More carmakers caught in headlights of VW engine-rigging scandal

More carmakers caught in headlights of VW engine-rigging scandal
Volkswagen has admitted it installed illegal software into 11 million 2.0 liter and 3.0 liter diesel engines worldwide (AFP Photo/Josh Edelson)

Volkswagen emissions scandal

Missing MH370 likely to have disintegrated mid-flight: experts

Missing MH370 likely to have disintegrated mid-flight: experts
A Malaysia Airlines Boeing 777 commercial jet.

QZ8501 (AirAsia)

Leaders see horror of French Alps crash as probe gathers pace

"The Recalibration of Awareness – Apr 20/21, 2012 (Kryon channeled by Lee Carroll) (Subjects: Old Energy, Recalibration Lectures, God / Creator, Religions/Spiritual systems (Catholic Church, Priests/Nun’s, Worship, John Paul Pope, Women in the Church otherwise church will go, Current Pope won’t do it), Middle East, Jews, Governments will change (Internet, Media, Democracies, Dictators, North Korea, Nations voted at once), Integrity (Businesses, Tobacco Companies, Bankers/ Financial Institutes, Pharmaceutical company to collapse), Illuminati (Started in Greece, with Shipping, Financial markets, Stock markets, Pharmaceutical money (fund to build Africa, to develop)), Shift of Human Consciousness, (Old) Souls, Women, Masters to/already come back, Global Unity.... etc.) - (Text version)

… The Shift in Human Nature

You're starting to see integrity change. Awareness recalibrates integrity, and the Human Being who would sit there and take advantage of another Human Being in an old energy would never do it in a new energy. The reason? It will become intuitive, so this is a shift in Human Nature as well, for in the past you have assumed that people take advantage of people first and integrity comes later. That's just ordinary Human nature.

In the past, Human nature expressed within governments worked like this: If you were stronger than the other one, you simply conquered them. If you were strong, it was an invitation to conquer. If you were weak, it was an invitation to be conquered. No one even thought about it. It was the way of things. The bigger you could have your armies, the better they would do when you sent them out to conquer. That's not how you think today. Did you notice?

Any country that thinks this way today will not survive, for humanity has discovered that the world goes far better by putting things together instead of tearing them apart. The new energy puts the weak and strong together in ways that make sense and that have integrity. Take a look at what happened to some of the businesses in this great land (USA). Up to 30 years ago, when you started realizing some of them didn't have integrity, you eliminated them. What happened to the tobacco companies when you realized they were knowingly addicting your children? Today, they still sell their products to less-aware countries, but that will also change.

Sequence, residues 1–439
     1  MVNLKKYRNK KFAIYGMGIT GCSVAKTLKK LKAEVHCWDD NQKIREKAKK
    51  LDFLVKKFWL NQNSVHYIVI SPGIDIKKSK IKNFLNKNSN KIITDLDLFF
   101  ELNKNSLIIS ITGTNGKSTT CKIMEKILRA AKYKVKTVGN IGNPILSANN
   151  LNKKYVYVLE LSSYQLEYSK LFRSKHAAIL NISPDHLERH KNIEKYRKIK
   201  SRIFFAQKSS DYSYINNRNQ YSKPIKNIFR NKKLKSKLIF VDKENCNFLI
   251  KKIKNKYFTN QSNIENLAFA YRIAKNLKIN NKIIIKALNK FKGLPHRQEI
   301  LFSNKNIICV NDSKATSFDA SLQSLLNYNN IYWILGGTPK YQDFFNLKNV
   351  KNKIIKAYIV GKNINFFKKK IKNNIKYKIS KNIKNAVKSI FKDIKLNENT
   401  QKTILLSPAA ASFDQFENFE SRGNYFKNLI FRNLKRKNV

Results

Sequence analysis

What did you do a few years ago when you realized that your bankers were actually selling you homes that they knew you couldn't pay for later? They were walking away, smiling greedily, not thinking about the heartbreak that was to follow when a life's dream would be lost. Dear American, you are in a recession. However, this is like when you prune a tree and cut back the branches. When the tree grows back, you've got control and the branches will grow bigger and stronger than they were before, without the greed factor. Then, if you don't like the way it grows back, you'll prune it again! I tell you this because awareness is now in control of big money. It's right before your eyes, what you're doing. But fear often rules. …

Saturday, January 31, 2015

Aircraft set for minute-by-minute tracking

Yahoo – AFP, Marc Brabant, 31 Jan 2015

All commercial flights worldwide could soon send out an automated signal every
 minute in times of distress to help rescuers find downed aircraft more easily
(AFP Photo/Fabrice Coffrini)

Montreal (AFP) - All commercial flights worldwide could soon send out an automated signal every minute in times of distress to help rescuers find downed aircraft more easily.

The new measures are in response to last year's disappearance of Malaysia Airlines flight MH370 en route from Kuala Lumpur to Beijing in what remains one of history's great aviation mysteries.

The aircraft, with 239 people on board, has never been found, nearly a year on.

The new tracking rules, prepared by an industry working group, would be phased in by the end of this year, said the International Civil Aviation Organization (ICAO), a United Nations agency.

The initiative will now be presented to delegates from all 191 ICAO member states at a meeting in Montreal from Monday to Thursday, and "a final proposal" will be submitted to the ICAO Council within six months for ratification.

The measure has unanimous support among ICAO member states, a source said Friday, meaning it is virtually assured to be brought in.

Currently, radar can track a plane, however coverage fades when aircraft are out at sea or the plane is flying below a certain altitude.

Under the new rules, airlines will be required to track their aircraft using a system that gives their location at 15-minute intervals.